She has made art out of smells, ants, bacteria and spit. So what is the US artist about to unveil for her Turbine Hall commission? Yi, who was once a vagabond in London, takes us on an olfactory odyssey
Anicka Yi offers me some beetroot crisps. These, along with carrot crisps, are her breakfast, both free of oil and salt. “I can’t eat greens, dairy, sugar, legumes, beans, nuts, seeds, nightshades, spice, alcohol – nothing,” the Korean American conceptual artist explains. “I can only eat grass-fed meat, wild fish, unseasoned all of it, vegetables and a little fruit.”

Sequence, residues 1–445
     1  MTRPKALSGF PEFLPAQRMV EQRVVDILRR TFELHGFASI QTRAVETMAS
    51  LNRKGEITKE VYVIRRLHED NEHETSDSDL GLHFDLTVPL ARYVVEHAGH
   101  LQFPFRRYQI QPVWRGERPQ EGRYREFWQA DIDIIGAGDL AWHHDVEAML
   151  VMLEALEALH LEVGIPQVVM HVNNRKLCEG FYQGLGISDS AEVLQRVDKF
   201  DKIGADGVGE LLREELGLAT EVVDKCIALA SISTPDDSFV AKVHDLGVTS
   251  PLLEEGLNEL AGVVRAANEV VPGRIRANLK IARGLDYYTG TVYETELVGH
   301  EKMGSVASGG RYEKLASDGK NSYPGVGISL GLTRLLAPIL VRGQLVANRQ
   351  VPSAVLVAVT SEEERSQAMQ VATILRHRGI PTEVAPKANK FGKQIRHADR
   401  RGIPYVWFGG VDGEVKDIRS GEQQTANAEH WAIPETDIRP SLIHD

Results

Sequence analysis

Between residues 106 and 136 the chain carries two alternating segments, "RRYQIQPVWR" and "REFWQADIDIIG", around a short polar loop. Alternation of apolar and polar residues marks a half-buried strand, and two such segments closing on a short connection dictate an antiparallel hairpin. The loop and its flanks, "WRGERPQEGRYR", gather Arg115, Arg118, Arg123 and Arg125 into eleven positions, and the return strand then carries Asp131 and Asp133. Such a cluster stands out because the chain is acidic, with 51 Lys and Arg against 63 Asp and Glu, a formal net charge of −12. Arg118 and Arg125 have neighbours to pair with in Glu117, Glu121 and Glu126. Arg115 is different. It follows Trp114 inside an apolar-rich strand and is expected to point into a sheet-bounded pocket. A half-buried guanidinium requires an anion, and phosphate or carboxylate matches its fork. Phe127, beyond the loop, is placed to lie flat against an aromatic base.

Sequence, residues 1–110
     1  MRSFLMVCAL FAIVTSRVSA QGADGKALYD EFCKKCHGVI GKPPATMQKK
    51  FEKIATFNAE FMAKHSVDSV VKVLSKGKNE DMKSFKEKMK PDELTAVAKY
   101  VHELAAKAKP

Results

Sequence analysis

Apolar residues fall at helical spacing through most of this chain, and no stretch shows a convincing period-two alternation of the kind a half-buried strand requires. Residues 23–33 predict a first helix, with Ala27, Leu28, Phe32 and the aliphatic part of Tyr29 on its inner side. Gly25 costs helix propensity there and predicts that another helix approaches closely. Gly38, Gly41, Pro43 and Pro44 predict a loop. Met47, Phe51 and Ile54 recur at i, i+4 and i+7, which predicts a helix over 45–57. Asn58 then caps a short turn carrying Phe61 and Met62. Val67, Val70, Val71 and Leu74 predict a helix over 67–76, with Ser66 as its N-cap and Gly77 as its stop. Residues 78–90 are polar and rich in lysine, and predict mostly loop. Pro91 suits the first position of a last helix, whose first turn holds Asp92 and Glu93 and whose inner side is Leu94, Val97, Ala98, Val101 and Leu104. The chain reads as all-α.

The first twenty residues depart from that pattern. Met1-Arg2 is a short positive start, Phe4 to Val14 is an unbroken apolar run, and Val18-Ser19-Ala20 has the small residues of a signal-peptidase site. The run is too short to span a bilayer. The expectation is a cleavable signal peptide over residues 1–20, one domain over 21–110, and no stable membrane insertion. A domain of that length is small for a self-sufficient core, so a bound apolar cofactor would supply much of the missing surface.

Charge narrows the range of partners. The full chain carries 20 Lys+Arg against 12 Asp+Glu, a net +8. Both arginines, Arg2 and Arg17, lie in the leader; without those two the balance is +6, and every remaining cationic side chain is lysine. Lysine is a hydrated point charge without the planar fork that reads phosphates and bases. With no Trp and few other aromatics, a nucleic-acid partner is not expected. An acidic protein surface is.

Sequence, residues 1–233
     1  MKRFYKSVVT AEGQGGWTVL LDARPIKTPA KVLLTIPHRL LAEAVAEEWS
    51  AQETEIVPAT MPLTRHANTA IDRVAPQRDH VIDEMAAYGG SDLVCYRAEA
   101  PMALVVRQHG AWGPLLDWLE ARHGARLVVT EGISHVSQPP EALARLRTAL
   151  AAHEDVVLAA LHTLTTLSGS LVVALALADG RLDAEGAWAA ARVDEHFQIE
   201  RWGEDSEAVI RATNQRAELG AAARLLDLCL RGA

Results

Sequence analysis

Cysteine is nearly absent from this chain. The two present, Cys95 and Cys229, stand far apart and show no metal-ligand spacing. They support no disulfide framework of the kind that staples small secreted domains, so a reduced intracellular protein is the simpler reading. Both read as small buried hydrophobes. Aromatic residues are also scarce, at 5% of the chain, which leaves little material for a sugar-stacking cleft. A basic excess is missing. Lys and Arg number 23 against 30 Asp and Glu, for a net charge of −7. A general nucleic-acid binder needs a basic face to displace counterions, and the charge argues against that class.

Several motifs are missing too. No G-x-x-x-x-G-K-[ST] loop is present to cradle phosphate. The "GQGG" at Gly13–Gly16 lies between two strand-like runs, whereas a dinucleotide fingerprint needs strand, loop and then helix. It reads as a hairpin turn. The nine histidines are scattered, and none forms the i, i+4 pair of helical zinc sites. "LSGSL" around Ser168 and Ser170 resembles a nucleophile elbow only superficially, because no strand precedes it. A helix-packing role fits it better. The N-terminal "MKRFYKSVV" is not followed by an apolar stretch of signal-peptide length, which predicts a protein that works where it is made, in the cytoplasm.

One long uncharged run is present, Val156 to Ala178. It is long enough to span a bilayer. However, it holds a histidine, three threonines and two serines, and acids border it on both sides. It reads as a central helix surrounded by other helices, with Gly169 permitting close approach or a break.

Why? “I have some auto-immune issues and my doctor put me on a protocol to find out if something in my diet is inflaming them.” Poor you, I say, thinking I should wave away any approaching cheese trolley, as we sit chatting in Tate Modern’s members’ room. The diet has made Yi’s three-week trip from New York to London, to install her latest work in Tate Modern’s Turbine Hall, logistically tricky.